The Fine Food Specialist Guide to Caviar
We have sourced the finest varieties of caviar from Russia to Italy, responsibly farmed using innovative techniques to achieve the best taste. Peruse our comprehensive collection and you will find we cater to every occasion, from finding your personal favourites to impressing dinner party guests to treating a friend with a beautiful caviar gift. Here we will take you through all your questions about caviar and how to best enjoy this luxury foodstuff!
What are the different varieties of caviar?
Beluga: Considered one of the most expensive and most luxurious varieties of caviar, the Beluga sturgeon offers a delicate buttery flavour. The Beluga sturgeon is typically found in the Caspian Sea, and can take 20 years to reach full maturity. This is what lends the caviar its rich flavour, and the Beluga caviar tends to be much larger in size as a result. We offer several varieties of Beluga caviar such as the Kaluga and the Huso Huso, these bluish eggs are 000 grade – the best in the world. To truly enjoy the unique flavour, simply serve on a bed of ice and use a mother of pearl spoon to eat.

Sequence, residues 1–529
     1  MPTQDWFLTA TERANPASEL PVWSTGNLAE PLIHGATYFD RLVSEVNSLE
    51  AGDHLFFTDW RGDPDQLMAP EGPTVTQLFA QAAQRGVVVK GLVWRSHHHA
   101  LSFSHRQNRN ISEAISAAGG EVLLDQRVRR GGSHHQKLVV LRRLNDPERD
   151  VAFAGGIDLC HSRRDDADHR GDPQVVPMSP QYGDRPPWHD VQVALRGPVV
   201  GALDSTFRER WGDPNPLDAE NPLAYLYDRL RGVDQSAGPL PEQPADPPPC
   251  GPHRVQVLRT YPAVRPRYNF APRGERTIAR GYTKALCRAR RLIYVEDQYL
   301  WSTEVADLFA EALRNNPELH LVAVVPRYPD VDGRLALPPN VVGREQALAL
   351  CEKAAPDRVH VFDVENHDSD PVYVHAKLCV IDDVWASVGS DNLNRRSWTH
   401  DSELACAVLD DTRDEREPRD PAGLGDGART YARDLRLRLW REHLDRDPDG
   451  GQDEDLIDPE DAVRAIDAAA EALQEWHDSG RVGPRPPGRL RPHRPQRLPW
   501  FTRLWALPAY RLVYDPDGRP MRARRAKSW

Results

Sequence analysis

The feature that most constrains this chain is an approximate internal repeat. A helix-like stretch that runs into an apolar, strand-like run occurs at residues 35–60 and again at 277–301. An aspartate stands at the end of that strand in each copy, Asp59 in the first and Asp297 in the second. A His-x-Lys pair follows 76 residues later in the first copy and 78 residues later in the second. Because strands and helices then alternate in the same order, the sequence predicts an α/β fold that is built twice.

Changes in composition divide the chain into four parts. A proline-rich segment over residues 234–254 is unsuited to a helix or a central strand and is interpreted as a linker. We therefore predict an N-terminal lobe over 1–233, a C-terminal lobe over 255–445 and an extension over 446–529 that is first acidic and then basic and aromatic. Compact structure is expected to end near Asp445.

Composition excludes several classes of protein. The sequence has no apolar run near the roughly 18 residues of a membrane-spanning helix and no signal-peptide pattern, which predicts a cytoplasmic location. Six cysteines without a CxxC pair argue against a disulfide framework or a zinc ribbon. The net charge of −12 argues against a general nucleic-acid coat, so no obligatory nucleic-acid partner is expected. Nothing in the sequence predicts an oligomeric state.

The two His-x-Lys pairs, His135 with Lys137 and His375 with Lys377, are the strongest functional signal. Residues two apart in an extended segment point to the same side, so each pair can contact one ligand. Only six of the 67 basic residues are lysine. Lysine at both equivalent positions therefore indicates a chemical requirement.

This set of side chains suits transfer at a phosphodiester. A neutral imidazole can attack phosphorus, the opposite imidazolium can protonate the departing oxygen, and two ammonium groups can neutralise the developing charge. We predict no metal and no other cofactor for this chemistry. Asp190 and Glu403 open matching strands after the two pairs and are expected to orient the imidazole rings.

Oscietra: One of the most famous type of sturgeon, our selection of Oscietra spans a range of grades and exciting flavours. The caviar is creamy and brine-y and may have nuttier notes such as hazelnut. The Siberian sturgeon has greyish eggs that are of a medium size, yet still offer a rich well-rounded taste. Try these high grade eggs with a blini and some crème fraiche or spooned into a quail egg to create a sumptuous, yet refined hors d’oeuvre.
Sevruga: The female sturgeon offers a delicious flavour profile that slightly contrasts with the other varieties of caviar. The Sevruga eggs are slightly smaller, and taste much more intense yet still maintain the buttery texture associated with caviar. The sturgeon, endemic to the Caspian Sea, only takes 6 years to mature, giving the caviar a darker colour and stronger, saltier flavour profile.